The Department of Cell, Developmental and Integrative Biology (CDIB) ranked 6th place nationally at $17 million for 2020 NIH research funding.
“The main cause of our increase in funding is due to our large collaborate programs,” says Bradley Yoder, Ph.D., chair of the Department of Cell, Developmental and Integrative Biology. “Dr. Qin Wang has been another major part of our growth through multiple grants focused on neurodegeneration. We currently have three faculty ranked in the top 25 in NIH funding out of 800+ NIH supported cell biology faculty.”
Moreover, Yoder explains that CDIB has acquired several large collaborative U54 grants—either newly obtained or renewed—in the past few years. “Two of these were the U54 Childhood Cystic Kidney Disease Center grant and the U54 Center for Precision Animal Modeling (CPAM) grant. These grants span across departments and very collaborative efforts.”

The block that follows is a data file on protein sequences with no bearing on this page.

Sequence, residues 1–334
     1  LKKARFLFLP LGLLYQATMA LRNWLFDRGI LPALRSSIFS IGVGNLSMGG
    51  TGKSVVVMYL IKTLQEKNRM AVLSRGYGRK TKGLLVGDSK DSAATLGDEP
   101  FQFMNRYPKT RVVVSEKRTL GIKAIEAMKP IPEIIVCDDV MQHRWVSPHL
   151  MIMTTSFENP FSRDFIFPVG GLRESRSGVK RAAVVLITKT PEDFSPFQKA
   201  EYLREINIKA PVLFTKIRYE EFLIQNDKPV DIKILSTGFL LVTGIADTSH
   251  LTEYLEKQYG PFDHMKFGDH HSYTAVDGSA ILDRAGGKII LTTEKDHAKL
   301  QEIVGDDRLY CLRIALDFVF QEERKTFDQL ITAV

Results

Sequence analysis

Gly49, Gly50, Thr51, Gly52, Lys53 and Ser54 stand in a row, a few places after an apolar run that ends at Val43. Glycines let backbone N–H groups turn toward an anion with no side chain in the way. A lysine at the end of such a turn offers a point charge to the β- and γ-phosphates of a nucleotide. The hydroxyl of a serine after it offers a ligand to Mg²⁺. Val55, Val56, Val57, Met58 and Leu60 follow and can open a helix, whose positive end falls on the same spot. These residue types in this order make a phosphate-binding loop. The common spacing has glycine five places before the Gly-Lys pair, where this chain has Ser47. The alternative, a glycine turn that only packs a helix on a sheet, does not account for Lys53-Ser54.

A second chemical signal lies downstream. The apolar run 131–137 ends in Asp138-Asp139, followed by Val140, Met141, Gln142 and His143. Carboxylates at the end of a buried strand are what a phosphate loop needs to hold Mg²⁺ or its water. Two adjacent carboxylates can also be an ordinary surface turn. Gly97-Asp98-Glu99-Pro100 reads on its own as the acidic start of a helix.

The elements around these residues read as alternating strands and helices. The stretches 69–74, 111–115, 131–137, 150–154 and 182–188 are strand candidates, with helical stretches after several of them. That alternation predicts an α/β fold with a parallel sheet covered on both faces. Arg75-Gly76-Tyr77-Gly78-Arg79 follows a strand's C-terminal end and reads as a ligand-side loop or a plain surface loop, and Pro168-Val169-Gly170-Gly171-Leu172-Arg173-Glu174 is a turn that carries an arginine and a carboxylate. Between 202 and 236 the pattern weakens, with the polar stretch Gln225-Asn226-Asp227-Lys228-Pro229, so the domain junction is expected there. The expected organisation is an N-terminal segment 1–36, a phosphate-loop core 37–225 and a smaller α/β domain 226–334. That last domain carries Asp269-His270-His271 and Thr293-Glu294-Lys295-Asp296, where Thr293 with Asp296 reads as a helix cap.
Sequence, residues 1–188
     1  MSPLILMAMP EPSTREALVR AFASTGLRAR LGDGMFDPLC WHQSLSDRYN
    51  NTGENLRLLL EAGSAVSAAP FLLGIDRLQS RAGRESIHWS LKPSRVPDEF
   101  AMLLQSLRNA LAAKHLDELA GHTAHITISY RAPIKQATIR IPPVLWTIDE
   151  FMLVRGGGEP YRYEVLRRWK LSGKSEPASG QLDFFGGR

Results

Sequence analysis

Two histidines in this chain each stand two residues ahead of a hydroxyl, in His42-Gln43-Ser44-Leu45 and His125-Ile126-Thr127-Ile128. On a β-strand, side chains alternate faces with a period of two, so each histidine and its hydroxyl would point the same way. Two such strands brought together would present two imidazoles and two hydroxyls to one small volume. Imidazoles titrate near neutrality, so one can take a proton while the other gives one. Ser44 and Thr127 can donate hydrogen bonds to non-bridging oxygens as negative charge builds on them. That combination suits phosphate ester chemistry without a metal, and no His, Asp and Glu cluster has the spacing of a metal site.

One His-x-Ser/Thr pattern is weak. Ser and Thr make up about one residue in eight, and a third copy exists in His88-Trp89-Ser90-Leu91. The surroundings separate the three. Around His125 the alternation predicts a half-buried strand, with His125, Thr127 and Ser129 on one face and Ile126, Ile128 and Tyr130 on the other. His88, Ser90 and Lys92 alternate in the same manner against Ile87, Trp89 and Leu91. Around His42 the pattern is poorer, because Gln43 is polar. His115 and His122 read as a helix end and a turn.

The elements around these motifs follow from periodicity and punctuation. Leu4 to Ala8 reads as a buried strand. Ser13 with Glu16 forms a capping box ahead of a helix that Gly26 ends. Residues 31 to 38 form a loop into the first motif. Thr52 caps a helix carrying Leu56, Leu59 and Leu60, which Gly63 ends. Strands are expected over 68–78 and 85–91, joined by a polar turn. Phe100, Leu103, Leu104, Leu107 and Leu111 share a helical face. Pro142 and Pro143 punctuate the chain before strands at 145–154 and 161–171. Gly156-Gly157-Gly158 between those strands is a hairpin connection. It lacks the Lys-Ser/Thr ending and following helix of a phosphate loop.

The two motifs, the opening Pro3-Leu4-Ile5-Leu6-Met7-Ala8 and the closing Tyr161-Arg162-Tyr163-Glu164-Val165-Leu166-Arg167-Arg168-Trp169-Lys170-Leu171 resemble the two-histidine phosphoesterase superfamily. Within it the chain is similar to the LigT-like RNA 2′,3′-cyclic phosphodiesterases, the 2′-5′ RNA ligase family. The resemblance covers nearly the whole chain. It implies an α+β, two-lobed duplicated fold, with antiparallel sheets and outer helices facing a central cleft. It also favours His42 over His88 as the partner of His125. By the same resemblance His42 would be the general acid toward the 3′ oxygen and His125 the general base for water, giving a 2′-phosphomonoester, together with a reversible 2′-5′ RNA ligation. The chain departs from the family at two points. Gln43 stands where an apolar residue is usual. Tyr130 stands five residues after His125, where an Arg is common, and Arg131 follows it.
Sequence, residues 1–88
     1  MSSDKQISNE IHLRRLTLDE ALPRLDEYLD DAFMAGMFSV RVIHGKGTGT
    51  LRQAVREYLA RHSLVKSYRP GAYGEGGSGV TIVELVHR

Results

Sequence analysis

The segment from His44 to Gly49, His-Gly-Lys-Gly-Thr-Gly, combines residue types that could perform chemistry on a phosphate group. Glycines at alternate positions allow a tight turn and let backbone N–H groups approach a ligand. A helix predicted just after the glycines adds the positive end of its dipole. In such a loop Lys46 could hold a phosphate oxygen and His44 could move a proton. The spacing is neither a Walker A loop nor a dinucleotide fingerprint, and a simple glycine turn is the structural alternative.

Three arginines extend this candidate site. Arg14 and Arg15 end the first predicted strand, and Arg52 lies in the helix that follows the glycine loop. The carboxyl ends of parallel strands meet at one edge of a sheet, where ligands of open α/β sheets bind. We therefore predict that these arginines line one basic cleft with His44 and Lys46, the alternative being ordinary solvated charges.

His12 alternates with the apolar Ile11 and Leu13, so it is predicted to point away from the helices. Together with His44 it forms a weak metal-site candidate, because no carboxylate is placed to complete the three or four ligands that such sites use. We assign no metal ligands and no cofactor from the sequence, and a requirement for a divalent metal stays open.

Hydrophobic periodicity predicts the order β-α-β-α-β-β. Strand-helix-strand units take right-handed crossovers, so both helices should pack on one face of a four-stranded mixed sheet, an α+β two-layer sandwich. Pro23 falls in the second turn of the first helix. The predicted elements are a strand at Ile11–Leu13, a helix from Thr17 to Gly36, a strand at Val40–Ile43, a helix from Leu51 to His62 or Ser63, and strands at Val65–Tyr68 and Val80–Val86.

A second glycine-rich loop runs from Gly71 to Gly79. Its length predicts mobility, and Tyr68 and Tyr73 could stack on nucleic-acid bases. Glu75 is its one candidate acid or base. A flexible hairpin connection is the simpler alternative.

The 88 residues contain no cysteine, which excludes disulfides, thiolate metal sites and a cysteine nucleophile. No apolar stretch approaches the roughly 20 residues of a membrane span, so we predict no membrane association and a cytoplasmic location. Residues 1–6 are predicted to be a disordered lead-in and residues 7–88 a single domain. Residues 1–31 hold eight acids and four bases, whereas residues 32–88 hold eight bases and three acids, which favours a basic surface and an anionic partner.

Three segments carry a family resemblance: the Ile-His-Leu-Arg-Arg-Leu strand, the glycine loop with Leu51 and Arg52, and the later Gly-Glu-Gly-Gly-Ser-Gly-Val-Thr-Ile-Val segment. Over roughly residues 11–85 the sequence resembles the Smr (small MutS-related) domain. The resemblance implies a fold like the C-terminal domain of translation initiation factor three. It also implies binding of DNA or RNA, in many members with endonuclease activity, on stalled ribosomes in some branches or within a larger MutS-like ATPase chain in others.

CDIB ranked 4th place for a period of time, but with the recent retirement and Emeritus appointment of Marcus Bamman, his large collaborative grants were transferred to another institution retroactive for 2020. This change dropped CDIB to 6th place out of 78 Cell Biology departments in the country.
Yoder says faculty in CDIB has been steady over the past year, and several junior faculty have been hired, which contributed to the department’s funding growth.
“The extreme hard work and effort that the faculty within CDIB, as well as those outside of CDIB, have contributed to the success. Additionally, the School of Medicine dean’s office has helped provide contributions to these programs that make us much more competitive on a national level. Their support for the U54 programs are very important to show the university is behind our efforts,” Yoder says.